Tasmanians are no stranger to economic pain, and Launceston has copped its fair share.
The Bradken steel plant at Youngtown shut down four years ago. It took 100 jobs with it. A few months later, we lost 28 jobs when Elster Metering closed their doors. We'd seen 50 go from our area a few years earlier when Gunns went under.
We used to make things in this country. We used to be self-sufficient. But that's been gone a while now, and this crisis has shown how bad things have gotten. The sad fact is, we've placed all our eggs in one basket, and that basket's been made in China.
This is what the government needs to learn from the shutdown. There is value in making things here. It's not just about the jobs, it's about the communities that those jobs support.
As we pull out of this shutdown, the Tasmanian and federal governments have an opportunity to start rebuilding our manufacturing industry. We need big ideas that will prepare us for the future. All we need is a bit of support from the people who pull the purse strings in government. Here's one idea: there's huge potential for Tasmania to start making green hydrogen. Studies show that Tasmania has a natural cost advantage in this industry. We could be exporting hydrogen to the world, and bringing high-skilled work to our neck of the woods.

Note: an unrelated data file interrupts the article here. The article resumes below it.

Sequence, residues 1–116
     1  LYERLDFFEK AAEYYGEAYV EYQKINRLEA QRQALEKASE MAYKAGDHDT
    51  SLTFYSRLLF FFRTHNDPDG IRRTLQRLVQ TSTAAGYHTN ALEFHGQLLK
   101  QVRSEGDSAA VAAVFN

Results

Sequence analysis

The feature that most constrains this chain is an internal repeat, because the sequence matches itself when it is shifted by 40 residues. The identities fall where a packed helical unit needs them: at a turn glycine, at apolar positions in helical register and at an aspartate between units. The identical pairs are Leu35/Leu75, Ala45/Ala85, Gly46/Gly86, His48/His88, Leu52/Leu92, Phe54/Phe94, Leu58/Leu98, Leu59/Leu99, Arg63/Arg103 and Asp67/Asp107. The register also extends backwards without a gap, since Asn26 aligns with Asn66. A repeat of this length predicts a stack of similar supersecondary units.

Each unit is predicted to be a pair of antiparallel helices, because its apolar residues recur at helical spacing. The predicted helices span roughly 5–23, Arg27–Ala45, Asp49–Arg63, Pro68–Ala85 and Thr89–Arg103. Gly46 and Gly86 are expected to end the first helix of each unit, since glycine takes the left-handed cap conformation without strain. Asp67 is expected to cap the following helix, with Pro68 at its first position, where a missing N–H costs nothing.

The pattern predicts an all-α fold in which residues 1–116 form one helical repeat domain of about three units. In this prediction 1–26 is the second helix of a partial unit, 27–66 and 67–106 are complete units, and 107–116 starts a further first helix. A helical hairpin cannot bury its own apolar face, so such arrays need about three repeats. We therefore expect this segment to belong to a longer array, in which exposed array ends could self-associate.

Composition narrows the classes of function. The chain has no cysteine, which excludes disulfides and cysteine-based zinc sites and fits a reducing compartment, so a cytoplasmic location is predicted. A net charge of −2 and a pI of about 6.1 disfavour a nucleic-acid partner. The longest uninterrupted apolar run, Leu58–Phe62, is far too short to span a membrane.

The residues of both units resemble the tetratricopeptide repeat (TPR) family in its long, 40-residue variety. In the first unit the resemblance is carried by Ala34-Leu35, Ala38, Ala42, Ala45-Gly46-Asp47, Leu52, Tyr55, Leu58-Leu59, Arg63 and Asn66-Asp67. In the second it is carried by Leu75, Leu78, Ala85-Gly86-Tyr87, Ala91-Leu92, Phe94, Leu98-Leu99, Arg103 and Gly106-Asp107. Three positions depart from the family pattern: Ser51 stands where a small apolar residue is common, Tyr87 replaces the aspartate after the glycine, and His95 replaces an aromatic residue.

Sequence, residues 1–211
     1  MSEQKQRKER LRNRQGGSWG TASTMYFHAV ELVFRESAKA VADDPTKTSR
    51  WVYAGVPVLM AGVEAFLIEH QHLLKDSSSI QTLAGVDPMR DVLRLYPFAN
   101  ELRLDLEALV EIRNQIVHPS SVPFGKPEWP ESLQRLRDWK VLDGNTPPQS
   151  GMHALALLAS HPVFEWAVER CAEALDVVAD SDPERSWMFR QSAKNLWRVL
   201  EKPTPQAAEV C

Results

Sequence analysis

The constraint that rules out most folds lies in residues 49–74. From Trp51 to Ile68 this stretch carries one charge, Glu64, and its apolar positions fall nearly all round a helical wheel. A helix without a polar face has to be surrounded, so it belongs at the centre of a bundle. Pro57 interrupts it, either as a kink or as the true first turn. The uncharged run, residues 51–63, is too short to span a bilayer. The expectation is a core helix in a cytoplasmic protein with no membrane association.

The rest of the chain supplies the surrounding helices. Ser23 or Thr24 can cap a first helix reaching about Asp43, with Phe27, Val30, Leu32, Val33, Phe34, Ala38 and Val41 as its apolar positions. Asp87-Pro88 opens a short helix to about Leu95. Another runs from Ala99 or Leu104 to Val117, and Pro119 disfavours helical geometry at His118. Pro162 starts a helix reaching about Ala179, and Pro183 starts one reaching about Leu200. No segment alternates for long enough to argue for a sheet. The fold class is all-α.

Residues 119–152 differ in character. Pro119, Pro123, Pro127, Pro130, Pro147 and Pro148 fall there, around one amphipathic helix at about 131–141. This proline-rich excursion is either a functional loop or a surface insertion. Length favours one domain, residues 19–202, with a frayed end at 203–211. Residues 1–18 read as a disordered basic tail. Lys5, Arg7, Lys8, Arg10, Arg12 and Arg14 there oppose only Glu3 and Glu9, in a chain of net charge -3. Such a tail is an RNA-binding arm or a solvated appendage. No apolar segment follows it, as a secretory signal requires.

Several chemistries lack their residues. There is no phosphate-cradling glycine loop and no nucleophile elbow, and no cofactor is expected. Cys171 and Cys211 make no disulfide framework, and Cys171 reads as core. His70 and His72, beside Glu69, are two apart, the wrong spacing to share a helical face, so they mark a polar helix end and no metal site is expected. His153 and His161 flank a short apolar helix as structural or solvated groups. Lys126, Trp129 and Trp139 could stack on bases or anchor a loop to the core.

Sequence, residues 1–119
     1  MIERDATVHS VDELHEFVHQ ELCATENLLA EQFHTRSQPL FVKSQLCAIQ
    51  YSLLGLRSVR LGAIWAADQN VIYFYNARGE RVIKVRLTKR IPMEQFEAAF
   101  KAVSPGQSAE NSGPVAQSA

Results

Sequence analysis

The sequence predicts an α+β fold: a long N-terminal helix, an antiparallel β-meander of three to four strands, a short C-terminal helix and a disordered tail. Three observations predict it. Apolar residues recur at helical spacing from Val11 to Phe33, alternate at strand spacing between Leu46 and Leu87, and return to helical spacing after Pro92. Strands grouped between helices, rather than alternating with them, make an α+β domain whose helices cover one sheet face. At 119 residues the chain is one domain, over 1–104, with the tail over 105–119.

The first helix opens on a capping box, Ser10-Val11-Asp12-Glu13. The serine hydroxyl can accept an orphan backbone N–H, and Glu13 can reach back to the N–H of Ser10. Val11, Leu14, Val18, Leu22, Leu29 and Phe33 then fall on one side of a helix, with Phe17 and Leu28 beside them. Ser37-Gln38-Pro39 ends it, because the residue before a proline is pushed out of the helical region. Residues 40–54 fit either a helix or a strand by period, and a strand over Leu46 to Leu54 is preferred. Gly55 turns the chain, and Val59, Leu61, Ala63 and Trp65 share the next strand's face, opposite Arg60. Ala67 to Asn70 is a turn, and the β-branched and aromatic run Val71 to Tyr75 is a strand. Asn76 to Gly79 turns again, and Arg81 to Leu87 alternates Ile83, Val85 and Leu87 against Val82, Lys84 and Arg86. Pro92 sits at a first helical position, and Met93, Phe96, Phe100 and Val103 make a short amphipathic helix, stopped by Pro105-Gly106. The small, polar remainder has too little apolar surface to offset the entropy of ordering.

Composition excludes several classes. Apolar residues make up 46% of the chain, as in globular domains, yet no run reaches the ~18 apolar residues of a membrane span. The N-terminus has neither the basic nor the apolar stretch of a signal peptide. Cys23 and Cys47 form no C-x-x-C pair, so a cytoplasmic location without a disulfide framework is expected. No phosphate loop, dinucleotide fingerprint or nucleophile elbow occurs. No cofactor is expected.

I've been speaking with Tasmanian investors who want to get this industry started, and they're keen for getting as much local involvement as they can. We're talking about thousands of jobs for regional Tasmania.
It would be a fantastic opportunity for our workers to get involved in any number of aspects of the construction, operation and maintenance of wind farms, hydrogen production facilities and the like.
The plans are there, the finance is there. They just need a little push to get it going.
That's why I've started a new campaign to support Australia's manufacturing industry.
Because what we make, we control. We know we won't have to beg other countries for the equipment and tools we need to look after the people who live here.
Supporting Australian industry means helping local communities to thrive. It's about giving people a sense of self-worth - it gives them something to work towards.
The major parties in all levels of government need to be willing to address the harms that globalisation has caused.
The coronavirus has brought those problems right to the surface. It's been an issue for decades. We have to take back our economic sovereignty.
- Jacqui Lambie, Tasmanian Jacqui Lambie Network senator